COMPUTER BUSINESS REVIEW

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Issue Date: April 2008

Red Man uses Visual Rules to speed changes to business rules

17 April 2008

Red Man Technologies has become the first business integrator in South Africa to use the business rules management system (BRMS), Visual Rules, from German business rules specialist, Innovations Softwaretechnologie GmbH, to reduce the time needed by organisations to convert business logic into software rules.
Visual Rules is the only BRMS to provide intuitive graphical representation of the key points in business processes at which rules are needed and then allow business executives to make the necessary alterations to the rules to suit changes in business logic.
"The problem with most other BMRS systems is that they require software developers to interpret in code the business logic set out in text by business executives," says Red Man software development specialist, Travis Bulford. "But software developers are usually not business thinkers and so a gap develops between the result the business wants and what the developers enable the software to do.
"With Visual Rules, the business person is able to make changes directly on the graphical representation and the system automatically generates the relevant source code. So the need to involve IT people is significantly reduced. That speeds time to benefit - which means that businesses can be much more agile, adapting to market needs pretty much on the fly.
"Also, when rules are defined in text it is very difficult to track what other rules they are linked to and may affect. With Visual Rules, you can see graphically - and model - what the interconnections are, enabling you to make much more intelligent decisions about the changes you do or do not impose on the business."
Other advantages include the fact that concept efforts are reduced because of earlier transition to modelling during the specification process, supported with a testing rich feature set and can be automated, quality assurance work is reduced because of standardised code generation and tool support, and documentation is, largely, generated automatically.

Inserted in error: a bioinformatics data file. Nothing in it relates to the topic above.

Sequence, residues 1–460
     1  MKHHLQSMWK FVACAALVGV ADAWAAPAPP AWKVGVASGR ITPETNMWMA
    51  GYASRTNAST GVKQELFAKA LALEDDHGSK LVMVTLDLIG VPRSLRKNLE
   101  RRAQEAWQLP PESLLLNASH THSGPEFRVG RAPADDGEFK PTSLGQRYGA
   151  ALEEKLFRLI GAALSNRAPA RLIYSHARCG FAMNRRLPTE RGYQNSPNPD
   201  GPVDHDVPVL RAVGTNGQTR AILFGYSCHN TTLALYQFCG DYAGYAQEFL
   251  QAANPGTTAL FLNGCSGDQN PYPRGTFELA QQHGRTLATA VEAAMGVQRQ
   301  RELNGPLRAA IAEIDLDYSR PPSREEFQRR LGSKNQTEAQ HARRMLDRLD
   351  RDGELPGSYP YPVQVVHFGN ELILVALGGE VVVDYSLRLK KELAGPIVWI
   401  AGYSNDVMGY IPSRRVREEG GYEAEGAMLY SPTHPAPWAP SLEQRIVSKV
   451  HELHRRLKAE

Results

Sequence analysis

"Making Visual Rules part of our methodology and services is consistent with Red Man's overall objective of making our customers more agile," Bulford says. "That means using technology in ways that help them implement their strategies faster so that market opportunities have not disappeared by the time they have been able to execute application or business process changes.
"Visual Rules enables that because you are not having to develop software. You are writing new rules on existing solutions and, as a result, able to deliver new behaviour."
Although an organisation can learn very quickly how to use and take ownership of Visual Rules, Bulford says it is not plug-and-play. "Knowing how to use Visual Rules is very different from knowing why you want to use it.
"That is where Red Man comes in. From experience, we know where in an enterprise resource planning (ERP) system, for instance, the software makes decisions. We also know how to work with those key points so that the organisation achieves the business outcomes it wants. We are therefore able to implement Visual Rules to best effect, train users to optimise it, and then, having empowered the organisation, step away."
Bulford explains that Visual Rules is an ideal tool for effectively and efficiently delivering on an organisation's intellectual property (IP), thereby helping the organisation differentiate itself in the market.
"The business flow in an organisation changes very seldom. If someone applies for a home loan the process stays the same but individual decisions about, for example, how to rate the risk of making the loan or how to map the person's details against a decision matrix can - and often do - change.
"How a financial institution makes those changes constitutes its IP - and the ability to quickly turn it into profit rests, in this IT-dominated world, on software like Visual Rules."


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